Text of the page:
The net connection issue has relevence however, and I agree that this is the main thing that could hold this idea back.  However, from what I understand a 1.5mb connection is plenty to make this work.  I currently use a 5mb connection, and I know that the larger urban areas near where I live offer up to 20mb connection speeds.  In a lot of areas the speed needed to use this product would simply be impossible.  But the communication infrastructure is improving at such a rate that this won't be an issue for very much longer.   You must also realize that the US is far from being the leader in broadband availability and speeds worldwide.  We actually lag quite a bit behind a lot of other areas.  So this product might actually be better recieved in other countries at first than it is here. 

    Really though, the problem of a fast and reliable broadband connection being readily available nationwide will soon be a problem of the past, and while rural areas may not be properly served at the moment, the heaviest population centers already offer the infrastructure needed to make this service work.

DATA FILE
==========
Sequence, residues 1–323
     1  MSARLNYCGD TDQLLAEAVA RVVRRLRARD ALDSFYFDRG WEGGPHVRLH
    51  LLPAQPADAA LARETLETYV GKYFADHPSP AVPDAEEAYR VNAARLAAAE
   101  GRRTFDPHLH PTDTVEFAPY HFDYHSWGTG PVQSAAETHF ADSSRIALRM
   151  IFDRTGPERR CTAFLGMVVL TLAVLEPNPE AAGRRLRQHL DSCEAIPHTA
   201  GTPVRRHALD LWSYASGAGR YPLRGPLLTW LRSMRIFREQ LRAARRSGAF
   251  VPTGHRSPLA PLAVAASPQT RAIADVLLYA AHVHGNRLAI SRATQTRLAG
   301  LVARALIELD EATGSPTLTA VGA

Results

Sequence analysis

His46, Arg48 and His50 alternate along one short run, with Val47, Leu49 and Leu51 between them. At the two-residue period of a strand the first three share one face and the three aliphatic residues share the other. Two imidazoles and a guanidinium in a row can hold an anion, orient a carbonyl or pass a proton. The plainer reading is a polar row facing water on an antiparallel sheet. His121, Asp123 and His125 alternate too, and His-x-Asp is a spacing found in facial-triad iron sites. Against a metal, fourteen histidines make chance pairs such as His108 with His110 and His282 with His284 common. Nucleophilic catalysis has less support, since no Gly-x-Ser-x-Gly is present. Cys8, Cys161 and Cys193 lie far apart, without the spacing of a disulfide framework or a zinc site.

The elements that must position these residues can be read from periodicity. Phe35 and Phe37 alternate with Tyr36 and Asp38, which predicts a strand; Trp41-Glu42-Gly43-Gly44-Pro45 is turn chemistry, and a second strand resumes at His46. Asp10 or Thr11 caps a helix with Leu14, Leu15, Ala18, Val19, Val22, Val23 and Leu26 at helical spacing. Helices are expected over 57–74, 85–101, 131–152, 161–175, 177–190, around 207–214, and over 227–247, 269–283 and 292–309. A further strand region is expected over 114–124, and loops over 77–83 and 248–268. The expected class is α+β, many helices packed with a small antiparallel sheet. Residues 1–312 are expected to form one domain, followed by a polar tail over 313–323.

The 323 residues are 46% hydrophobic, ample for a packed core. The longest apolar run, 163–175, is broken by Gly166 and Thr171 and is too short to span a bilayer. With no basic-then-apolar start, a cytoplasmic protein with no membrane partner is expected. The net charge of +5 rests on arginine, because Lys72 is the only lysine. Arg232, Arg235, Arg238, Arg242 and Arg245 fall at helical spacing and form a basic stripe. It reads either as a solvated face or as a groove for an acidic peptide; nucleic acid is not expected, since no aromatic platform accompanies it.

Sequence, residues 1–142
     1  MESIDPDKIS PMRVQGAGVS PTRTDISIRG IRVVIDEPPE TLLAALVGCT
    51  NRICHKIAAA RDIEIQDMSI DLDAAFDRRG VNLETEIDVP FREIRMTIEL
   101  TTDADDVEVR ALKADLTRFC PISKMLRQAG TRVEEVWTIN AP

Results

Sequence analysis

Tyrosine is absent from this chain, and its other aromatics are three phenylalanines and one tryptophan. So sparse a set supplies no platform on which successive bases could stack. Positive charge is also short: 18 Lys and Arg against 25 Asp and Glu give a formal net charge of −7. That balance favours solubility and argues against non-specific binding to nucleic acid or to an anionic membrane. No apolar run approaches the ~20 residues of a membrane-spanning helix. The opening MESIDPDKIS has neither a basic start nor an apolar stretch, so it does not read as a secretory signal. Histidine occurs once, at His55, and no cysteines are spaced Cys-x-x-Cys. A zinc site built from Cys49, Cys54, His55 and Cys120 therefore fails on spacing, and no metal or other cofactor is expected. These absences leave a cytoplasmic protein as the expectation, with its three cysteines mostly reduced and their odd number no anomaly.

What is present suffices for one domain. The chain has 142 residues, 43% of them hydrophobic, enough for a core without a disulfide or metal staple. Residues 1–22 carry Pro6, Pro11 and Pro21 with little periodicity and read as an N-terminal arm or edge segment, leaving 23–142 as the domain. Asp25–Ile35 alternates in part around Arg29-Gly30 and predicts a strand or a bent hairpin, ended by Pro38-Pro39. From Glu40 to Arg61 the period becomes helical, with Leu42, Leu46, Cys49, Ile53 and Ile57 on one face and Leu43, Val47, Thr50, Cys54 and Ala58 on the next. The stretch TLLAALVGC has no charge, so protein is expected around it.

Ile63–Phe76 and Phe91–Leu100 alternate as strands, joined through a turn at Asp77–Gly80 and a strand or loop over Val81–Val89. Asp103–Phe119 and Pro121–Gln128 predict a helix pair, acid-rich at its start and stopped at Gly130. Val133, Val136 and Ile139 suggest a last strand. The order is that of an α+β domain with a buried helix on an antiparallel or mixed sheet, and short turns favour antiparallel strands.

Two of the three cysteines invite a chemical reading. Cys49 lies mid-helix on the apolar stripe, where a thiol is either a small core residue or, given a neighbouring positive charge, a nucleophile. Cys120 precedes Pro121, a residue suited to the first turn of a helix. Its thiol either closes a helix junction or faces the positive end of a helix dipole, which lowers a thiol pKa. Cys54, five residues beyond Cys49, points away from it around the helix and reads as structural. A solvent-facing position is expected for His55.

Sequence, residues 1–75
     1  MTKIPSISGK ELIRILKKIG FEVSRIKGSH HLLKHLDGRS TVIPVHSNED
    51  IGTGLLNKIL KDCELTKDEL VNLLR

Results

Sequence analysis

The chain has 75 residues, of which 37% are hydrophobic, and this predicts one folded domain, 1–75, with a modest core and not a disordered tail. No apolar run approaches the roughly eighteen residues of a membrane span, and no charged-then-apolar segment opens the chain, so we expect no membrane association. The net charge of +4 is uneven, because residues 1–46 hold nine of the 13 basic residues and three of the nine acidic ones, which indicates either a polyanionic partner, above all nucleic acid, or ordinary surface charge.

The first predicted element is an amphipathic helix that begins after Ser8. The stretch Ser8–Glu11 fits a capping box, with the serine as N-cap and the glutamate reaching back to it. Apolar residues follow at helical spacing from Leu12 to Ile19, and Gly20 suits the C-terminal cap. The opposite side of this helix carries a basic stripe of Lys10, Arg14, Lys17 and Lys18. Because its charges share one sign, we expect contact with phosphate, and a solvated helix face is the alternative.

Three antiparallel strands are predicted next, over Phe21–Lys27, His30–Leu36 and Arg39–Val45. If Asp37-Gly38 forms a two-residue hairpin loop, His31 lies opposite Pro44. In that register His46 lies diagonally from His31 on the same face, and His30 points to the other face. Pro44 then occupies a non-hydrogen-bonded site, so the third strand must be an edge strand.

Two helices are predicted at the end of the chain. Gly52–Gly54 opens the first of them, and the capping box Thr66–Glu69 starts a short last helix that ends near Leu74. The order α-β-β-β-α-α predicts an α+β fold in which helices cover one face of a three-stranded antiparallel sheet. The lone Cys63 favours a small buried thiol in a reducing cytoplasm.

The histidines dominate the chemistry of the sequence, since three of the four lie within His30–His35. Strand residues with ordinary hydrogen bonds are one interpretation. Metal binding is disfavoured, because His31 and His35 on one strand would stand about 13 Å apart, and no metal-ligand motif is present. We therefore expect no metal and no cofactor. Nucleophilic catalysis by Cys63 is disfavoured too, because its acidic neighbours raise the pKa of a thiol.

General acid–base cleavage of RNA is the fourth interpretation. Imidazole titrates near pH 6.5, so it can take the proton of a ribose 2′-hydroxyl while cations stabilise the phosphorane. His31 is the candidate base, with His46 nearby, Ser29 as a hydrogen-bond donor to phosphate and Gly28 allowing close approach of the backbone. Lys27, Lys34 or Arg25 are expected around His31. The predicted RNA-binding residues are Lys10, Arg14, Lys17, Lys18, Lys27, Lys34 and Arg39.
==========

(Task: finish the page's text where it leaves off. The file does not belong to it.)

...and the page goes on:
3rd party developers will design their games on whatever platform(s) will serve their game well and earn them the most amount of cash. So in essence, if OnLive is a cheaper way of developing games for the masses, they could just stop developing for consoles, not likely, but there is a chance they might.

    More to the point though, Microsoft has their Live service for both Xbox users and PC users. They also do a lot of releasing of games on multiple platforms including PCs. OnLive will be direct competition with something like Xbox Live, with the major exception of having to go out and purchase a disc for the Xbox games. I doubt OnLive will have the support of Microsoft.